This is indeed a day of celebration . . . and also a day to call for a new reformation in the 21st century. It is time to see that these 5 solas are the foundation for the church to be formed in the image of Christ.  For too long now the church has taken on the “look” of the culture around it.  It is time to be counter cultural . . . to focus again on what God’s word says about salvation and proclaim it boldly.  Fads come and go . . . but the Truth of God abides forever!!

Five Stones -- Five Solas

Worship is What We Do . . . or should be!!

WorshipWorship is what we do when we gather together each Sunday.  We do that for a lot of reasons, not least of which is because God has called us to worship Him in spirit and in truth (John 4:24).  There are other times when we do other things.  We have times of fellowship and play together.  There are times when we get together to have some entertainment, such as the annual youth event, Blast from the Past.  But when we enter the sanctuary on Sunday we come with the focused  purpose of worship.  We sing, read God’s word, pray, and study God’s word; and not much else.  Again, that is by design.  Once we hear the call to worship (usually Scripture) at the beginning of the service until the benediction at the end, our focus is on God and His Being and truth.  You say, Bill, that’s a given, what else would a church do?

I ran across something in my study this week that was shocking to me, in that it could have been written last week.  It was written in the early 1900s by a man many of you have perhaps read, A. W. Tozer.  He said:

“The church that can’t worship must be entertained. And men who can’t lead a church to worship must provide the entertainment.”

I am amazed at the churches I see across the nation that have become more entertainment centers that places of worship.  I wept when I saw that a former church that I poured over 10 years of my ministry into, feeding them on the word of God, had a “power team” in to “wow and dazzle” with their feats of breaking bricks and boards and tearing phone books in half.  I watched on TV last week a “Christian comedian” in the pulpit during the time set apart for worship. Was he funny? Yes.  Did he handle the Word of God seriously? Absolutely not!!  I talked with friends this week who were lamenting the fact that the church they have just left (they are moving to another state) now evaluates everything as to what is the “wow factor”, whether signs in the buildings or sermons.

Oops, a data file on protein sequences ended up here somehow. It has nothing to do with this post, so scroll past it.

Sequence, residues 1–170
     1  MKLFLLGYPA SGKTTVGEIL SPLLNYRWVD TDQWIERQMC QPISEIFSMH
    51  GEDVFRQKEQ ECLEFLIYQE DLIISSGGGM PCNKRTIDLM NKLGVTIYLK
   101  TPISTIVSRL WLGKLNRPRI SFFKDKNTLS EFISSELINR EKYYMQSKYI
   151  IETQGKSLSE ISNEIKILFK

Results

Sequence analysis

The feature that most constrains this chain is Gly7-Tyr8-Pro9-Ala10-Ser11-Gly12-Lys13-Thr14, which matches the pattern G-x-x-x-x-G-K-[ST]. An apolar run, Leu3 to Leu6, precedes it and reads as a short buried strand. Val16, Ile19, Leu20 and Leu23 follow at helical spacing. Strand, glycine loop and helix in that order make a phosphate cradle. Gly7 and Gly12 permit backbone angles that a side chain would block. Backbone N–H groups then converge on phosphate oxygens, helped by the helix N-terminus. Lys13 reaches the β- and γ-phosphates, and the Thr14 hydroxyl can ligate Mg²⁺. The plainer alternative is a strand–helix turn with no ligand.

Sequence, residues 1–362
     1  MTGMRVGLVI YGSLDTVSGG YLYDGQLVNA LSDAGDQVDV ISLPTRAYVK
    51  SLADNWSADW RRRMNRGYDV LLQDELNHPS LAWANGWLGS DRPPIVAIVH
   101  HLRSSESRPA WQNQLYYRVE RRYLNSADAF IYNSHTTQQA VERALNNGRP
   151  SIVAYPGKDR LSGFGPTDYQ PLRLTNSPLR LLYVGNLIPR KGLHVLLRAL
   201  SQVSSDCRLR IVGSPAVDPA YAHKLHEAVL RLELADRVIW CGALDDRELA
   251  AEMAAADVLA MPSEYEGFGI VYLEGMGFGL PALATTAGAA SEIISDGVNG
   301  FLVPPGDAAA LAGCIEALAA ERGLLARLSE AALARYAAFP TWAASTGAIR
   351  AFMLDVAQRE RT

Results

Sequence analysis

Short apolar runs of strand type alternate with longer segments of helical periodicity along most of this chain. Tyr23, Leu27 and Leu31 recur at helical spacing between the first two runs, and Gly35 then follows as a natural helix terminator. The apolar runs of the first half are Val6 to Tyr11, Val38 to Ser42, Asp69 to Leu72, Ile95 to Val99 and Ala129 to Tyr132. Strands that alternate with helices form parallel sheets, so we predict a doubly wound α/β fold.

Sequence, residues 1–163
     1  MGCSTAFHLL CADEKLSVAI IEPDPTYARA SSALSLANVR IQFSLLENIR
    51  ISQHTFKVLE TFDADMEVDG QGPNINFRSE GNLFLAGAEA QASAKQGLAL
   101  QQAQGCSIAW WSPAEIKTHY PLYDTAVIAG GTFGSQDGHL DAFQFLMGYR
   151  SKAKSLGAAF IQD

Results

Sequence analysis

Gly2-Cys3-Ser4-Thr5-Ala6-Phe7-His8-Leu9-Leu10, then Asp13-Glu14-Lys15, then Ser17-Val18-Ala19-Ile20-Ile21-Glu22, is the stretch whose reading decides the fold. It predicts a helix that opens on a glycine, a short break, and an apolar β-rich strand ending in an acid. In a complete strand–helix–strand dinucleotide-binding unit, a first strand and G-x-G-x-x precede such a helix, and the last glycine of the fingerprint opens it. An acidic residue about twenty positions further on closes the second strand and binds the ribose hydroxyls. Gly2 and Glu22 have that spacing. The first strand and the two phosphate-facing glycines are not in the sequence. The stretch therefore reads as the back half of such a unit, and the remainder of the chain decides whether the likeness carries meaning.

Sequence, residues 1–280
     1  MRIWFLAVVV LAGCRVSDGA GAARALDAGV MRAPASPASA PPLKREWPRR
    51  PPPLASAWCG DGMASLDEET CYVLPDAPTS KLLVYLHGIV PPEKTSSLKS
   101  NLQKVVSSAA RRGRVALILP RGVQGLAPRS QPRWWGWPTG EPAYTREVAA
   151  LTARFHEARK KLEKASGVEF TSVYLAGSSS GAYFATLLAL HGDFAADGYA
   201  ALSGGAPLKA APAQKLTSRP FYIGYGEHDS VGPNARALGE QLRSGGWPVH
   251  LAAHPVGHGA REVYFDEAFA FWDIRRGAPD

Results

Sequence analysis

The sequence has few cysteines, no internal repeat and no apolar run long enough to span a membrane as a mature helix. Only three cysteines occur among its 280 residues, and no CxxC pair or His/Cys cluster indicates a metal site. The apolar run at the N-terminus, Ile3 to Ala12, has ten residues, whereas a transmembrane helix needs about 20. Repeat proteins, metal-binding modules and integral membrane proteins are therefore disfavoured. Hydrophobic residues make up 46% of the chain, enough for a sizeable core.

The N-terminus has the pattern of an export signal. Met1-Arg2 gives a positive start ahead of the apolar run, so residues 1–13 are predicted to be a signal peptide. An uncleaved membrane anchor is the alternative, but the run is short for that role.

Twenty-five years ago a young preacher in Chicago went door to door and surveyed his neighborhood as to why people didn’t go to church.  The number one answer:  I get bored.  Bored!?!  Then something is seriously wrong.  As I read the scriptures I never find boredom a reaction when coming into the presence of God.  Fear, trembling, weeping, amazement and awe, but never boredom!!

Perhaps, and I’m only speculating here, the problem is in where the focus is.  If we focus on meeting with the living God there will be no boredom, I don’t think.  May God keep us focused as we worship Him each week.  As the writer of Ecclesiastes states, “To every thing there is a time and purpose . . .”  Let’s never forget the purpose for which we gather each week.

So? Whom Do We Really Worship?

One of my major concerns about evangelical Christianity in the 21st Century is that worship is not that . . . at least not toward the proper object of worship, the True and Living God.  In many churches man is exalted, recognized, applauded, and congratulated, but God is less and less the main focus.  God’s word is not read all that much . . . prayers are brief . . . being silent before God (Psalm 46:10) is feared . . . songs don’t reflect doctrinal truth, but rather emotional syrupy sentimentality.   In other words man is catered to rather than being pointed to the Sovereign Creator and Redeemer.

This was brought to my mind when I read the following in a blog that I frequent.  The writer is recounting a recent vacation where he visited a local (I’m sad to say) Southern Baptist Church:

Away on vacation in North Carolina at the OBX last week. We attended worship at a Southern Baptist church. First they introduced all the visitors. Then they honored all the fathers. Then we sang happy birthday to all the birthdays. Then we sang Happy anniversary to all the anniversaries. Then the pastor called the kids up front and played with a ventriloquist doll, and the point was to come to VBS next week.

I wondered when we’d get to God, you know, worshipping God as part of a worship service?